Little Man Tate, About What You Know

Ian Gittins

By Ian Gittins

on 04.22.11 in Reviews

Sheffield band Little Man Tate are frequently compared to their fellow Brit tyros the Arctic Monkeys. As well as sharing a hometown, they have built an ardent fanbase via the same route of MySpace and internet ubiquity: even the clunky title of this debut album recalls the Monkeys'opening statement of intent, Whatever People Say I Am, That's What I'm Not.

Sheffield’s OTHER troupe of angst-ridden pop-punks.

Little Man Tate's title actually refers to the timeless advice given to aspiring novelists and songwriters to “write about what you know” and Little Man Tate certainly do that. Showing a maturity and wisdom beyond their tender years, they play fervent songs of growing pains, unrequited love and provincial dreamers living for the weekend with laudable vim and brio.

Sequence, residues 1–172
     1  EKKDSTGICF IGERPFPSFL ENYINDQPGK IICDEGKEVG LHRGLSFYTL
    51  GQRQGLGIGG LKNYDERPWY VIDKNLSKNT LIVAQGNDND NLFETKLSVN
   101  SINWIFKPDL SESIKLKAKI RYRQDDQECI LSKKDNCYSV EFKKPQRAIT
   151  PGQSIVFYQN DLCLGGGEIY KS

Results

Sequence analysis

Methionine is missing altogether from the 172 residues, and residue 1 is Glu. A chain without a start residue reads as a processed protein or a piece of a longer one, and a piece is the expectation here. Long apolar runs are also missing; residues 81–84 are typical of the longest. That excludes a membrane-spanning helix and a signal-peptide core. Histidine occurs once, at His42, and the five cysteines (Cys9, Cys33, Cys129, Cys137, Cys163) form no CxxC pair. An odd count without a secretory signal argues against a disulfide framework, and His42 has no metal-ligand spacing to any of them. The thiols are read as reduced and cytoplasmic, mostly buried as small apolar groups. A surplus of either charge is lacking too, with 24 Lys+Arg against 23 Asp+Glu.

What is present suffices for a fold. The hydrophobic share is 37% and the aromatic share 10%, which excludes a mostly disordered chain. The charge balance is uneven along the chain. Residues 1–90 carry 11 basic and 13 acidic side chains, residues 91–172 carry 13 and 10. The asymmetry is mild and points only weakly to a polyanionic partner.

Like Arctic Monkeys, theirs is a world of crushes, snatched snogs and barbed rejections from heartless local paramours. The clenched Northern vowels and observational detail of “This Must Be Love” suggest a knowing, ultra-sassy Beatles for the 21st century: elsewhere, their tales of failed romance in dead-end towns could be a wittier update on '80s Brit indie icons the Wedding Present.

They're not all about the heart and the groin though. "Little Big Man" and "Court Report" (the story of a pathologically violent transvestite) could be edgier character studies from Blur's Parklife period, while "House Party at Boothy's" joyfully evokes the carnal carnage of a mass teenage cider binge. Equally fine is "Man I Hate Your Band," a rousing, self-explanatory assault on local poseurs with designs on music's big time.

Little Man Tate may or may not equal the phenomenal sales record-smashing success of Arctic Monkeys, but musically they are every bit their equal. If you're seeking the authentic sound of clued-up, cynical, hedonistic young Britain, here is the real deal.